"Quantum fluctuations" are not actual fluctuations - at least not if you choose to add any by suitable interpretation of quantum theory and even then, any such interpretation must be consistent with observation and observation is not consistent with the things that actually affect it undergoing real fluctuation.
To explain them requires a bit of an explanation of some very basic, simplified quantum mechanics and quantum field theory. In quantum mechanics, effectively all physical parameters in a system are described by what counts in a sense as a reduced level of information density - formally a nontrivial entropy in all parameters. Such reduced information gives rise to description not in terms of a single value for the parameter but a probability distribution over a range of possible values. A measurement or query of the parameter at a resolution finer than the scale of the distribution will result in a random result as effectively new (classical) information is created about the parameter. (This information both transmits to the querying agent, and furthermore becomes actualized within the system itself.)
The most familiar example given of this is the electrons in an atom. When an electron is "resting" at the bottom of the atom's electricity well, it "fills out" a space due to the position being "fuzzed" out to something described as such a probability distribution with a girth equal to about what we would call as the size of the atom. Each possible position value is assigned a quantum amplitude. The amplitudes are largest near the nucleus, and rapidly fall off thereafter.
In quantum field theory, a field - like the electromagnetic field - behaves in much the same way. In classical mechanics, field quantities have a value at each point in space - e.g. for an electric field, the value is the strength of the field, plus the direction of force, so effectively a vectorial quantity - the directions of these quantities can be traced to form the familiar "lines of electromagnetic force" that you may see in some textbooks and which you can visualize (for the related magnetic fields) with a bar magnet placed under a sheet with iron filings.
When you get to quantization, what happens is that just as for the position of the electron in the atom, the field value at each point in space loses information and ends up as a probability distribution, meaning there is in effect one probability distribution per space point, e.g. it's no longer that we have an electric field of (say) precisely 100 V/m at this point, but an average 100 V/m with a bit of fuzz thereabout.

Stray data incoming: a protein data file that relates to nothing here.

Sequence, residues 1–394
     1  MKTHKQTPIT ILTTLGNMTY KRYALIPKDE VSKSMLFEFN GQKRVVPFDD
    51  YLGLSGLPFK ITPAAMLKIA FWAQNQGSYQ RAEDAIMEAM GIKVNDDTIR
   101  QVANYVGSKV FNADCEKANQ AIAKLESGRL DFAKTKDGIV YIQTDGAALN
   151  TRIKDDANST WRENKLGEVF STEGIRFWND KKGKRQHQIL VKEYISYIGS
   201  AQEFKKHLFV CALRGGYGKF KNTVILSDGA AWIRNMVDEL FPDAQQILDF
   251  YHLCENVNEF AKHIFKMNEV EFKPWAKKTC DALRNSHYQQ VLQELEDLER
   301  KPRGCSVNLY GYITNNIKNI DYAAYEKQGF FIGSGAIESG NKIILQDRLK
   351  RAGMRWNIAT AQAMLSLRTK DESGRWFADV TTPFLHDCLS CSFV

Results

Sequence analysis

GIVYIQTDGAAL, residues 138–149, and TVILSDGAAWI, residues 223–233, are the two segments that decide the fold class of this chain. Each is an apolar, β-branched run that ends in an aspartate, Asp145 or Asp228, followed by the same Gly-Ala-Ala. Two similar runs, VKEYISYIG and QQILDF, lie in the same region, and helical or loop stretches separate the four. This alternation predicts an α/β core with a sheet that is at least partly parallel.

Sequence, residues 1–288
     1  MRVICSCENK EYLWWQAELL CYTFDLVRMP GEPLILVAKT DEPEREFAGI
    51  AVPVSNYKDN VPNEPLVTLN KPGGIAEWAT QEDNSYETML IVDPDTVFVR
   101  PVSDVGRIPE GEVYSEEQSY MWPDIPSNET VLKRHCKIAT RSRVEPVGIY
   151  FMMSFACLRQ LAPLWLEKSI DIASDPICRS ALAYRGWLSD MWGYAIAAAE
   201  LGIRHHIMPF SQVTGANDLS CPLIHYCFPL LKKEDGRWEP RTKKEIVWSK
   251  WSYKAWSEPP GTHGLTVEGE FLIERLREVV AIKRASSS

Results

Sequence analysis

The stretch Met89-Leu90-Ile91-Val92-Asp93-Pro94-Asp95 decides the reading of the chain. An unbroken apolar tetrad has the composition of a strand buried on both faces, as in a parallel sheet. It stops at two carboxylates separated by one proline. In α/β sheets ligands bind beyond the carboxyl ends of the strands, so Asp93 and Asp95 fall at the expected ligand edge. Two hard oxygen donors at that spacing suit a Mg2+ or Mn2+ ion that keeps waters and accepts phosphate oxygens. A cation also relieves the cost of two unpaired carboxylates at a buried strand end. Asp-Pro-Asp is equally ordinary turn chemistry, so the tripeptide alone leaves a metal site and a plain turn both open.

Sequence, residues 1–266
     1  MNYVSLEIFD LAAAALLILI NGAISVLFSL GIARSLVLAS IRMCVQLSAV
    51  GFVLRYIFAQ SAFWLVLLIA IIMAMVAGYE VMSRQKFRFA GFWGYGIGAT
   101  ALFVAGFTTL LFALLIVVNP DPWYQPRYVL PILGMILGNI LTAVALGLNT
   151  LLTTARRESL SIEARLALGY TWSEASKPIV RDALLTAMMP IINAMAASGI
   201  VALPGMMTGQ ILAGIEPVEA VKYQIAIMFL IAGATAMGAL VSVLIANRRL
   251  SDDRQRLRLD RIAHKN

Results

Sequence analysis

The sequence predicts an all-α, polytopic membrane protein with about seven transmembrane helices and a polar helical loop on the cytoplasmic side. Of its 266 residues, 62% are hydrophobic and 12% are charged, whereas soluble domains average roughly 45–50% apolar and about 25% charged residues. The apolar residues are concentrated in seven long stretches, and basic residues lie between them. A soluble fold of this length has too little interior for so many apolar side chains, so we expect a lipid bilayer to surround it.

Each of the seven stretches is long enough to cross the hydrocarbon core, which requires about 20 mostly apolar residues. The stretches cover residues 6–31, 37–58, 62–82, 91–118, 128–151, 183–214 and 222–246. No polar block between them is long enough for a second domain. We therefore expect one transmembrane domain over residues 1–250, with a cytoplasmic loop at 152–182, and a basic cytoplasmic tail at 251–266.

And just as with the atom with its electron resting at the bottom of the well, when the field is "maximally relaxed", i.e. there is no net force and no waves passing through, i.e. what is called "vacuum state", the probability distributions for the field values at each point are still nontrivial with a slight spread around zero.
This is what is meant by a "quantum fluctuation". But nothing is fluctuating. In a perfect vacuum universe with nothing in it, the ground state field evolves by a deterministic Schrodinger equation. It's only if you were to be there to measure it that you'd notice any sort of fluctuation - if you had an exquisitely sensitive voltmeter that could get below the width of the distribution and held its leads out in the space in front of you (ignoring thermal radiation and all that from your body), you would register a random, but most likely nonzero, field value. However as said above, your measurement creates this information, it wasn't there there before. In the truly empty state, it remains steady at a slightly fuzzy, reduced information version of "zero", and the only thing that happens is the phasors on the probability distributions cycle round and round ... for eternity - a little sad, a little lonely, a little bleak.......
Literally no different from a Newtonian universe with vacuum, or Maxwell's equations with a classical vacuum. The beginnings of the Universe this could not be accounted for by a "quantum fluctuation" from "nothingness". The equations simply don't make that happen. It requires something else to account for it, and what "caused" the Big Bang, or even if it was caused at all and not a true beginning of time, are things that we do not have a way to answer that is not conjecture. Any serious (but still speculative!) theories that posit a prior cause seem to essentially always have a decidedly non-vacuum Universe preexisting this one (e.g. Loop Quantum Gravity features a "Big Bounce" scenario where a previous Universe collapsed on itself.).
On the other hand, that does not mean that quantum effects did not affect the early evolution of the Universe just after the Big Bang. But a quantum vacuum is not "lumpy due to fluctuation". Mathematically it's as uniform as a classical vacuum.
The term "quantum fluctuation" needs to die. A lot of people draw a lot of (and sadly cool-sounding) stuff from it that just isn't there when you finally take a taste of some of the real physics concepts and it's a shame this term gets used by even decent physicists. "Uncertainty/fuzziness in the field values" would be a better description.
ADD: As @John Rennie says in his answer, the fact that the fluctuation happens (according to theory) in the measurer, not in the field, doesn't make it without consequence. You cannot get a universe or non-uniformity forming out of a dead quantum field but you can get the kinds of effects that are at work there affecting processes within a live Universe and that might also include cosmological processes as well since the effects spring from the same mathematical framework. The trick is, of course, to note that a universe with a measurer or agent, is not the same as an empty universe now and thus will be subject to evolution! Nor is it uniform any more...